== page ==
Idaho’s Black communities celebrate Juneteenth with joy, food, dance and community
Celebrations were planned throughout the Gem State, including Boise, Twin Falls, Lapwai and Rexburg
Live performers engage with audience members to follow their dance steps at the fourth annual “Family Function” Juneteenth celebration on June 18, 2022, in Boise (Mia Maldonado/Idaho Capital Sun)
With live performances, local vendors, food and dance, community members gathered in celebration for the fourth annual “Family Function” Juneteenth event on Saturday at Julia Davis Park in downtown Boise.
For a weekend of celebration, Juneteenth Idaho and the Black Liberation Collective partnered with local organizations and Black-owned businesses such as The Honey Pot CBD, 2C Yoga, Honey’s Holistics, Cut-N-Up, Amina’s African Sambusas, among many others.
Last year, the state and federal government signed a law designating June 19 — known as Juneteenth — as an official holiday. Though it was declared a public holiday only as of last year, Juneteenth has historically been celebrated by Black communities across the country to honor the emancipation of enslaved African Americans during the end of the Civil War.
“On June 19, 1865 — over two years after President (Abraham) Lincoln declared all enslaved people free — Maj. General Gordon Granger and Union Army troops marched to Galveston, Texas, to enforce the Emancipation Proclamation and free the last enslaved Black Americans in Texas,” the federal proclamation declaring the date a federal holiday said.
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The Boise community was not the only city in Idaho celebrating Juneteenth this weekend. Holiday celebrations took place across the state with events happening in Twin Falls and Lapwai. Students at Brigham Young University-Idaho in Rexburg will also celebrate the date on Monday.
“Juneteenth is a space of so much Black joy for people across the diaspora. It’s just empowering to know that people who look like you and who share a common heritage are all here in Idaho, even if we don’t see each other often,” said Prisca Hermene, a Boise resident originally from the Congo who volunteered and performed at the Boise event.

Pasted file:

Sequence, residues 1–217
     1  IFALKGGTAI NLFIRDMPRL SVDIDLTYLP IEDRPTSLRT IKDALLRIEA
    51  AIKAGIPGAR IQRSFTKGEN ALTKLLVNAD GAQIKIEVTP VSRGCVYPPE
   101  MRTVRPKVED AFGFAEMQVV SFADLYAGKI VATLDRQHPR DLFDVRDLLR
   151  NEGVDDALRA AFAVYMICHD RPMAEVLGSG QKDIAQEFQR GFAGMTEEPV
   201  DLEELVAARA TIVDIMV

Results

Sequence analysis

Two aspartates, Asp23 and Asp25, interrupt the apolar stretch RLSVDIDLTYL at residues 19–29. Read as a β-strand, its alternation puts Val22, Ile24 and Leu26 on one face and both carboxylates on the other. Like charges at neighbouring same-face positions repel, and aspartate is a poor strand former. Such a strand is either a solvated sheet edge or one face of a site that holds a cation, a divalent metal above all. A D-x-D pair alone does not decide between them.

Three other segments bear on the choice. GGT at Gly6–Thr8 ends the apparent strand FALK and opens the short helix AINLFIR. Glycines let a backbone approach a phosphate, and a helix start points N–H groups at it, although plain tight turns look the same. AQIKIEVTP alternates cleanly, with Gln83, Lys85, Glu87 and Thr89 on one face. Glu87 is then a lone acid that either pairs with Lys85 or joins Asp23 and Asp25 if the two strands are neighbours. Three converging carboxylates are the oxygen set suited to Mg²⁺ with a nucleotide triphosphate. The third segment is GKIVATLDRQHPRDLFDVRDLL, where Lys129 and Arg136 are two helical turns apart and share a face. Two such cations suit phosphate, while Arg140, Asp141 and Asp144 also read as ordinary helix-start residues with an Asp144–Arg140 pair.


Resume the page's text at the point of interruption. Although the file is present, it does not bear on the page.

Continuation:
Throughout the celebration, organizers were actively reminding attendees to stay hydrated, well-nourished and conscious of COVID-19 considerations.
Concerns after Patriot Front arrests in North Idaho
Community organizers expressed safety concerns for the Juneteenth event after a group of men from the white nationalist group Patriot Front appeared in Coeur d’Alene the day of a Pride event. The Patriot Front members were arrested on June 11 for conspiracy to riot after a 911 caller alerted the police to a group of men crowding inside in a U-Haul truck.
Nonprofit leaders participating in the Boise Juneteenth event expressed their personal thoughts on the incident.
“It’s terrifying and triggering. You never think, ‘Oh that U-Haul truck holds people who dislike me because I’m Black,’” said Whitley Hawk, the co-founder of Inclusive Idaho. “There are groups of people that say racism doesn’t exist, but then you have people who feel comfortable enough to come to a state that they don’t live in to endorse it.”
There was a shared sense of sadness, fear and tragedy among the leaders who ran booths on Juneteenth. However, some expressed a sense of gratitude toward those who stopped the potential riot.
Shari Baber, the president of the Boise Soul Food Festival, vice president of the Idaho Black Community Alliance and board member of the mentorship organization Brown Like Me, said she is proud of the person who decided to call the police to prevent something that could have been devastating.
“Am I sad that groups like this still exist? Yes. But to me, I would have been more devastated if they were all from Idaho. Most of them came here from somewhere else, and what that says to me is they had to go outside of our community to get their numbers,” Baber said.
Baber recommended people step out of their comfort zone as one way Idahoans can make people of color feel safer in their communities.
“If you pull out your camera, and in every one of your group photos everybody looks only like you, then you’ve probably got some work to do. Step out of your comfort zone and come to these events, support a Black business or go to the Idaho Black Community Alliance website to find over 85 Black businesses located right here in Idaho.”
Despite the recent events in North Idaho, this year’s community-wide Juneteenth celebration represents Black residents’ ability to grow and uplift their close-knit community in the state.
Juneteenth organizer, Claire-Marie Owens, returned to Idaho after spending 12 years away. She lived in Paris, New York and Dallas, but she decided to come back. Has she considered leaving Idaho permanently because of feeling unwelcome? No. Her identity as a Black woman and an Idaho resident is who she is.
“My mom’s family has been here for five generations. Idaho is where I am from. It is where I love and where I want to be,” Owens said.
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